School 14

Rudolfo Alfonso Anaya

October 30, 1937 ~ June 28, 2020 (age 82)


New Mexico’s Native Son, Rudolfo Anaya, of Albuquerque, NM, passed peacefully while surrounded by loved ones on June 28, 2020. He was considered the godfather of Chicano literature and was instrumental in bringing Chicano culture and identity narrative into the mainstream. His seismic wave of contributions in the literary world is a legacy which will continue to endure. He earned a bachelor’s and a master’s degree in literature, and a master’s degree in guidance and counseling all from the University of New Mexico where he eventually went on to teach. Earlier in his career he also taught at Albuquerque Public Schools.

In daily life, family and friends knew him as Rudy. He was a loving husband to his late wife, Patricia, a humanitarian, a step-father, grandfather, brother, uncle, and mentor to many emerging writers.

In a typical spirit of giving, Rudy and Patricia established a writer’s retreat in Jemez Springs, NM, to support and encourage aspiring writers to pursue their passions. He and Patricia also loved to travel. They visited many countries and loved meeting new people and learning about different cultures. They always came back home with souvenirs and stories for their granddaughter, Kristan.

It seemed his path was clear from the time of infancy. Rudy’s mother would often recount a story in which she placed a nickel and a pencil before him as he was just learning to crawl; when he naturally crawled toward the pencil, she knew his destiny as a writer was evident.

He had the power and talent to wield a pen and create magic on paper. The true essence of his being, however, came from his overwhelming spirit of love, generosity, and passion for his family and friends. He always offered his time to anyone who asked him to autograph a book, or anyone who just wanted to share a story. After a few minutes of conversation, he had made a new friend.

Rudy was born in the village of Pastura, NM. The family moved to nearby Santa Rosa, NM soon after his birth where he spent his early years. In 1952 they moved to Albuquerque, NM where Rudy spent the rest of his life. He was rooted and inspired by the culture, landscape, and beauty of New Mexico.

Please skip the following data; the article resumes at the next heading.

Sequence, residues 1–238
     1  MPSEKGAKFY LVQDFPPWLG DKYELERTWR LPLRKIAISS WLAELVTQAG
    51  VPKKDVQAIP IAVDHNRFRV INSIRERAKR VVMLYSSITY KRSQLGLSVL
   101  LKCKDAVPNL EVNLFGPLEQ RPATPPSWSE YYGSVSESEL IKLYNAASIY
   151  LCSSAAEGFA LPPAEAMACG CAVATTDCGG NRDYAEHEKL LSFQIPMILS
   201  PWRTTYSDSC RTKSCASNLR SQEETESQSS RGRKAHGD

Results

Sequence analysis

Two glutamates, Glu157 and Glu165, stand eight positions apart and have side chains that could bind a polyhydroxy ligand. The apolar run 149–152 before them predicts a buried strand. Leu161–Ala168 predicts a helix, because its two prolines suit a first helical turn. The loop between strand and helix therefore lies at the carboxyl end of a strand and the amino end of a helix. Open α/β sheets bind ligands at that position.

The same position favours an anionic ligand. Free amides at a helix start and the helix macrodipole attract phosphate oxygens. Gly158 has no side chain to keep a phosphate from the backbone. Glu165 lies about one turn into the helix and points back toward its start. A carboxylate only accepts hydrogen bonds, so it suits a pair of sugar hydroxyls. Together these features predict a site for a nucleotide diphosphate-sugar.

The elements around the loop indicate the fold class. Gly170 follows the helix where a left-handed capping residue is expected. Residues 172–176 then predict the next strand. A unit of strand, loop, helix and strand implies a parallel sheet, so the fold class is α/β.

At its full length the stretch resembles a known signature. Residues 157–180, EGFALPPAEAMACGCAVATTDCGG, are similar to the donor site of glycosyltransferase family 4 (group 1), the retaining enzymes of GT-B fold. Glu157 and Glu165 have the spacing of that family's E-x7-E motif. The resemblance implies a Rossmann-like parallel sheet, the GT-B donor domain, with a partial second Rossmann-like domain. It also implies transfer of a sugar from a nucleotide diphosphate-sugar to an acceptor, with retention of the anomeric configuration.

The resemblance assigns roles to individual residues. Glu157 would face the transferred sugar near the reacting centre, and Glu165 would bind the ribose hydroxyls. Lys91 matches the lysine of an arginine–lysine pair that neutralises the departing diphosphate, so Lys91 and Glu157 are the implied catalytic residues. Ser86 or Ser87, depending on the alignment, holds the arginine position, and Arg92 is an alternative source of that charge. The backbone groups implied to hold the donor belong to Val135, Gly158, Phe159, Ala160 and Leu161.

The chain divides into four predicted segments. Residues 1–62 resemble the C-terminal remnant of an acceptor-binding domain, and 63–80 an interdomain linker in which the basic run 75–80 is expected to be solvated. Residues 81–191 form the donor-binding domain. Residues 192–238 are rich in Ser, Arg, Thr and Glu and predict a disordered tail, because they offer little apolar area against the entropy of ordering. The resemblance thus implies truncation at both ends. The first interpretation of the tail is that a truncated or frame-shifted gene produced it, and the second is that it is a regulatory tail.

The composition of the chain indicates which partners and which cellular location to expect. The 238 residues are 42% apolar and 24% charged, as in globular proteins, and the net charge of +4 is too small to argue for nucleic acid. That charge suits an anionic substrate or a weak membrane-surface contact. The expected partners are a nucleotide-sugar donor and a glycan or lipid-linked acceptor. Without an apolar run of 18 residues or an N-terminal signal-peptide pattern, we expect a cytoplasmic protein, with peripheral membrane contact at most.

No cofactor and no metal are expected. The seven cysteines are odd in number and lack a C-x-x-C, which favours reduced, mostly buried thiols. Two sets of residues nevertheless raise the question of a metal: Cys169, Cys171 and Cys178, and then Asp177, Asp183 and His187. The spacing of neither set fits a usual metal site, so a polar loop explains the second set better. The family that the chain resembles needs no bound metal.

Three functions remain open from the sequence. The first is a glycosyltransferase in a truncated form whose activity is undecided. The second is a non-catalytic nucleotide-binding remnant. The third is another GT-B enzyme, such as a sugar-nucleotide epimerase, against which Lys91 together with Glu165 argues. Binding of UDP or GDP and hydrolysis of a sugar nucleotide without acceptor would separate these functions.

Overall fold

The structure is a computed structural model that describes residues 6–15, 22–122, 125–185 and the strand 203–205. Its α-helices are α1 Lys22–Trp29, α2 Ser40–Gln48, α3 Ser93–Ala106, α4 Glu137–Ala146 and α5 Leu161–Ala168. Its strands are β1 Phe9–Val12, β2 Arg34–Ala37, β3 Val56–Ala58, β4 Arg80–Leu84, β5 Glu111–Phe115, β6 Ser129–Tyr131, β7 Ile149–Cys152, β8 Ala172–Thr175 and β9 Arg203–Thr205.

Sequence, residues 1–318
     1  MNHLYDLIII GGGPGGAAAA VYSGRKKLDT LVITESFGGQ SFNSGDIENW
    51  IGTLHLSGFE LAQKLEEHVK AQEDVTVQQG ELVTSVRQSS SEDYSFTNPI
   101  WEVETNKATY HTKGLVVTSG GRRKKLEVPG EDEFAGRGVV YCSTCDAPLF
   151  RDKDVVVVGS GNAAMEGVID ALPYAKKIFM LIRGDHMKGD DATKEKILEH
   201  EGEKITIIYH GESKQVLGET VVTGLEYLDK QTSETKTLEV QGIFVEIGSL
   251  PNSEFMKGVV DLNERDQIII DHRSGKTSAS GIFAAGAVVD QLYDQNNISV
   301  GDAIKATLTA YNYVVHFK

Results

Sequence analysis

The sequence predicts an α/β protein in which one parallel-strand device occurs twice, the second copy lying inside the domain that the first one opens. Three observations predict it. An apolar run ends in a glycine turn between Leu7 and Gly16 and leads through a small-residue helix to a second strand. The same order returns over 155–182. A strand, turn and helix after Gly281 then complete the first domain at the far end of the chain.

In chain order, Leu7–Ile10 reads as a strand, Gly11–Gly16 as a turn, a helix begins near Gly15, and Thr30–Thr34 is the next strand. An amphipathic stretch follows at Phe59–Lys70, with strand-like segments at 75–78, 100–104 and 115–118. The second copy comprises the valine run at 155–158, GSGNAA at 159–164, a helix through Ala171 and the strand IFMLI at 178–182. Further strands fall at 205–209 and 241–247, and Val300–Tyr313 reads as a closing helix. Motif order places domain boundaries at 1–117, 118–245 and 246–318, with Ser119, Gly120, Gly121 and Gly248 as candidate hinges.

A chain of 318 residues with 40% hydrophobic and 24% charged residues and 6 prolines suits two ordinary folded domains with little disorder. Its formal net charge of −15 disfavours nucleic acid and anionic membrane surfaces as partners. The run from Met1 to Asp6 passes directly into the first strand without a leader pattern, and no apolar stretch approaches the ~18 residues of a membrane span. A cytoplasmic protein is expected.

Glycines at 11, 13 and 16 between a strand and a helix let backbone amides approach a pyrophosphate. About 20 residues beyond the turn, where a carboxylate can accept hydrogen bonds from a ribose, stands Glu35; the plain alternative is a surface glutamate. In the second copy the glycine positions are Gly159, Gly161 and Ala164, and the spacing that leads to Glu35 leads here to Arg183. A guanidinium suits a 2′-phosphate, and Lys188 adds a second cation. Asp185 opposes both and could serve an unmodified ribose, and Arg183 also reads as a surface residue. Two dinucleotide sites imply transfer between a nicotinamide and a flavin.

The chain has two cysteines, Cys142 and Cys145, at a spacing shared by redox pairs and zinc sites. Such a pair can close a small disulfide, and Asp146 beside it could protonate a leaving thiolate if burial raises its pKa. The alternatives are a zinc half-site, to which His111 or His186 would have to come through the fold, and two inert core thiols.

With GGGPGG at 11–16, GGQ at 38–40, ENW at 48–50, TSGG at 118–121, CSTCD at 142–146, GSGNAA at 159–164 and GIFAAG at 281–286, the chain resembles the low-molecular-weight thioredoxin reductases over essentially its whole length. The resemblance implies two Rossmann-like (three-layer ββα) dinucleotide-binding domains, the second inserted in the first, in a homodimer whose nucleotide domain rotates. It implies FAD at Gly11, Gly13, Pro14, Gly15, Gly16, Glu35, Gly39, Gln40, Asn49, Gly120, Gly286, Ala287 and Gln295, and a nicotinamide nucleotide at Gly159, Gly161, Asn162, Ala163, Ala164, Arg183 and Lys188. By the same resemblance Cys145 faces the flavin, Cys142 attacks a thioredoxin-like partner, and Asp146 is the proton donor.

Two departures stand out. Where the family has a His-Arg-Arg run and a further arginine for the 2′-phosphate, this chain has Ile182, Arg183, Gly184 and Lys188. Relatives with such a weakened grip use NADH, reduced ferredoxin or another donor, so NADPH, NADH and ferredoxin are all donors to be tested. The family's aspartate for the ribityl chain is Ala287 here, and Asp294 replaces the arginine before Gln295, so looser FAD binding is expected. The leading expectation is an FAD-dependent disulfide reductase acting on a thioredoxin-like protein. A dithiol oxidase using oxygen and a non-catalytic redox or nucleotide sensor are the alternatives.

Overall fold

Rudy has written over fifty books that include novels and children’s books. Among other works are poetry and essays. His first novel, Bless Me, Ultima was released as a feature film in February, 2013 and an opera based on Bless Me, Ultima premiered at the National Hispanic Cultural Center in February 2018.

In his lifetime he achieved the pinnacle of success and was proud of every award and honor. In August 2009 the Rudolfo Anaya Elementary School opened and was right in line with his passion for childhood literacy. Gionna Jaramillo was the first principal of the school, and she advocated for the name and Rudy was heavily involved with the school during her tenure. He was also awarded the National Humanities Medal by then President Barack Obama. The ceremony took place at the White House in September 2016. In March 2018, Rudy made his last public appearance at a ceremony celebrating the newly named Rudolfo Anaya North Valley Library.

In 2019, the New Mexico State Legislature unanimously passed a bill, and it was signed into law by Governor Michelle Lujan Grisham proclaiming October 30th “Rudolfo Anaya I Love to Read Day”. It is now a state holiday. This came to fruition thanks to the late Mary Rose Montalvo who established the Rudolfo Anaya Summer Reading Program in northern New Mexico. The hope is that every town and city in New Mexico establishes summer reading programs to encourage children to read.

Rudy was preceded in death by the love of his life, his wife of 44 years, Patricia Anne Anaya; his parents Martín Anaya, Sr. and Rafaelita Mares Anaya; brothers: Salomon Bonney, Jr., Larry Anaya, Sr., Martín Anaya, Jr., and sisters: Elvira Lopez, Susie Candelaria, Angie Marquez, and Loretta Gomez. He is survived by two step-daughters: Arden Elynn Cowden and Melissa Anne Morris; three grandchildren: Paige Messec, Kristan Galbraith, and Jordan Messec; five great-grandchildren: Sebastian and Blythe Sydow and Darien Messec, Gavin and Ryan Galbraith; his sisters: Edwina Garcia and Dolores Saavedra; his niece: Belinda Henry as well as several other nieces and nephews; his loving and faithful companion, his dachshund, Oso who was always by his side.

The family wishes to express our gratitude to Nora Macias who cared for Rudy with tenderness and compassion for several years. Their dynamic was like a father/daughter relationship. The Anaya family also wishes to express a heartfelt thank you to his nurse Imelda and his health aide, Iyeshaj and to everyone for all the love and support shown during our time of grief.

Due to COVID-19 restrictions a public memorial will be held at a later date, when it is safe to do so.

In lieu of flowers, donations may be made to UNM Foundation: Rudolfo and Patricia Anaya Scholarship Fund, to any children’s literacy program, any humanitarian organization, or a charity of your choice in the name of Rudolfo Anaya.

Rudy’s journey toward the cloud people began the moment he ceased to be a part of this world. Vaya con Dios our beloved Rudy.

Bless Us, Ultima.

“I will live as long as you remember me. I live in your memory.”, a passage from the Old Man’s Love Story by Rudolfo Anaya

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